President Donald Trump, leader of the executive branch of the United States of America, gave his first of four State of the Union addresses, or televised speeches that presidents can talk about whatever they want in, but are typically done to build approval and coherence within whatever political party the president is affiliated with.
Although many people consider annual State of the Union speeches to be important, it’s safe to say that the actions, behaviors, and attitudes of United States presidents throughout the course of the year leading up to the addresses mean infinitely more than such State of the Union addresses mean themselves.
PolitiFact, An Independent Website Dedicated To Checking Facts Of Assertions And Claims Made by Political Figures
PolitiFact is a website that’s owned and operated by the Tampa Bay Times, a print and web-based newspaper publication that also tries its best to operate PolitiFact at the same time anything important in the world of United States politics is going on.
Considering that the State of the Union is almost always the most popular speech given by United States presidents each and every year, PolitiFact felt it was of utmost importance to fact-check everything the president had to say.
PolitiFact Might Need To Buy More Server Space
2018’s State of the Union address started at roughly 8:10 p.m. CT. Just 40 minutes into the speech, PolitiFact’s website went down for a total of 6 minutes, leaving interested parties unavailable to check the assertions made by Donald Trump throughout a small sliver of the speech.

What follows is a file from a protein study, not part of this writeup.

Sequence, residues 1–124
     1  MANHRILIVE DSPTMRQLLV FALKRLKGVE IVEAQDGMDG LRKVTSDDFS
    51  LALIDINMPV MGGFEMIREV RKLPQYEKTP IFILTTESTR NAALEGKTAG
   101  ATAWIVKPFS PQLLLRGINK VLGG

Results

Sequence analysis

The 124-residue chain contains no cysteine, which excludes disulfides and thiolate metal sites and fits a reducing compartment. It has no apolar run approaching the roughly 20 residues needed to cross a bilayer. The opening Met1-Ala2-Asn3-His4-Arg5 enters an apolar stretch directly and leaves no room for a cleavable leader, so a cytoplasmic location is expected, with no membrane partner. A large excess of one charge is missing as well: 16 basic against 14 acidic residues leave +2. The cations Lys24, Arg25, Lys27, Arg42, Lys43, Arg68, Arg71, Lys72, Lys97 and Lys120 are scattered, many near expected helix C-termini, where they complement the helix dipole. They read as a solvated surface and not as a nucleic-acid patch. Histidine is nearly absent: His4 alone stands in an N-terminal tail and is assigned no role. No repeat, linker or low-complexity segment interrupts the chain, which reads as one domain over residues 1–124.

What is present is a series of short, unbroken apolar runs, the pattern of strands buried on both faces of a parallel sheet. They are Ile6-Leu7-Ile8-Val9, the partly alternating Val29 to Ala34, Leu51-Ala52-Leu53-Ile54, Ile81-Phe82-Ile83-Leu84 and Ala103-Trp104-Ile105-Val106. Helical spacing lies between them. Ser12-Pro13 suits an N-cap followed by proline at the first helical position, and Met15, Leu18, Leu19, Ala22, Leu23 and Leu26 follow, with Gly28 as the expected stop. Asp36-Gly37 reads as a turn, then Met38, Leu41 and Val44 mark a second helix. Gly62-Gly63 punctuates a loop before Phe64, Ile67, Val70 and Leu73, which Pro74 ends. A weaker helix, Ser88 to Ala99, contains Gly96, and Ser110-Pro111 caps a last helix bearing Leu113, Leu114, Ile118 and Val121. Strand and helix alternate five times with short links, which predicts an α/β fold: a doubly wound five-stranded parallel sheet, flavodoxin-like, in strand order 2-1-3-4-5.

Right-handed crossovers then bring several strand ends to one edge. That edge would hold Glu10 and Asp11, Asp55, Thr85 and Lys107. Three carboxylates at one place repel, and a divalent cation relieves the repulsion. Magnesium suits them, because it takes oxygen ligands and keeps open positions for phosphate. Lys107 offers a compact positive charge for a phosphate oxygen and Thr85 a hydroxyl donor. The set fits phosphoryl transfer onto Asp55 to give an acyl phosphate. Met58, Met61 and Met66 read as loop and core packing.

It’s important for businesses, organizations, and other entities to maintain sufficient server space to make sure their web pages don’t go down at important times, and that’s the moral of this story.
Just for kicks, assertions made by United States President Donald Trump were only 31 percent “True,” “Mostly True,” and “Half True,” with a whopping 48 percent being considered “Wholly False.”
In Other News, Facebook Bans All Cryptocurrency Advertisements From Its Platform
Facebook makes far more money from advertising on its digital interface, through which advertisements are shown to Facebook users that are considered most likely to enjoy or click on them.
Cryptocurrencies are one of the world’s latest, greatest trends, especially in the world of finance. Facebook recently banned all advertisements related to them because they believe they’re “frequently associated with misleading or deceptive promotional practices.” Go figure.